Google Glasses: Frightening Or Fantastic?
News > News
Mark Memmott
Thursday, February 23, 2012 at 10:05 AM
Font size: A | A | A | A |

The buzz is building about the news that there soon may be "Google glasses" that can put information right in front of your eyes. But is that necessarily a good thing?

The buzz is building about the news that, as The New York Times has reported, there soon may be "Google glasses" that can "stream information to the wearer's eyeballs in real time."

Yes, by the end of the year Google may be selling spectacles that come with a small screen that in theory will allow users to get information about nearby locations, the weather, friends who might be close by and other things. They're reportedly going to cost between $250 and $600.

Sounds cool, right?

Well, PCWorld's Damon Brown calls the glasses a "prescription for disaster." He's worried about how what might happen if someone tries to drive while wearing them, and about how much more information they'll be transmitting to Google about where you are, what you do and what you see.

The Atlantic's Rebecca J. Rosen raises the issue of how those of us who aren't wearing such glasses will be able to rest easy that we're not being recorded by those who are.

Still, since so many of us carry around devices that already let us connect to the Web from almost anywhere, is having something that brings the information right to your eyes that much different?

Or, is it just one more step toward a Terminator-type world?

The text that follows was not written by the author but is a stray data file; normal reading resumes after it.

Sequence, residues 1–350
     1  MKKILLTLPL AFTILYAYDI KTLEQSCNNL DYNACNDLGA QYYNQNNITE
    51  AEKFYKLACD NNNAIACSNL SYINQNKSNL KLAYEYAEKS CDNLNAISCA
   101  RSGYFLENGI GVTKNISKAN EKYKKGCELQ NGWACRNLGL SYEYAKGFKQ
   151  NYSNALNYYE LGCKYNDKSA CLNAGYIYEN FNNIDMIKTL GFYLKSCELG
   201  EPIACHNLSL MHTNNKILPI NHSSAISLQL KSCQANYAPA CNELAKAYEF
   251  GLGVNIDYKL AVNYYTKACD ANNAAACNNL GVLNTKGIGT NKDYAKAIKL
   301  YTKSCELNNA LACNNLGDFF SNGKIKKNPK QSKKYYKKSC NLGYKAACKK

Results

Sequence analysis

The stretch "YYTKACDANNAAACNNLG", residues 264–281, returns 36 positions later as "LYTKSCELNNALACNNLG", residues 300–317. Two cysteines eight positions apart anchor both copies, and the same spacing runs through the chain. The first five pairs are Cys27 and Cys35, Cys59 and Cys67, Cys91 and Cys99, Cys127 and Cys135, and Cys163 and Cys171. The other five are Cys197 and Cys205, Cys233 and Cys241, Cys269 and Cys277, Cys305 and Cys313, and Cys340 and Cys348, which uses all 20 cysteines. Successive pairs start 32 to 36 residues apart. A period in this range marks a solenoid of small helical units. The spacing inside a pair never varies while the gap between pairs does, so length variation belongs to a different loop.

Here's a question:

(Note: As we say, that's a question. It's not a scientific survey of public opinion.) [Copyright 2012 National Public Radio]



This article is filed in: News, Digital Life, Technology, Home Page Top Stories

Also in News  
Thank The Patron Saint Of Bakers For This Cake Today
The French honor the patron saint of baking with cream-filled cake topped with caramelized sugar.

Bloomberg: Facebook's Saverin May Save $67 Million By Renouncing Citizenship
News that Eduardo Saverin renounced his U.S. citizenship ignited controversy about tax dodging.

Town's Effort To Link Fracking And Illness Falls Short
Despite residents' fears, scientists say they can't link health woes to gas wells in Dish, Texas.

Chipping In To Your Office Lottery Pool? Read This First
A dispute in Chicago over $118 million underscores why it's important to write things down.

Latino Voters: Seen, But Will They Be Heard, In 2012?
Now the fastest growing voting group, Latinos could play a key role in battleground states.

Comments  
Post a Comment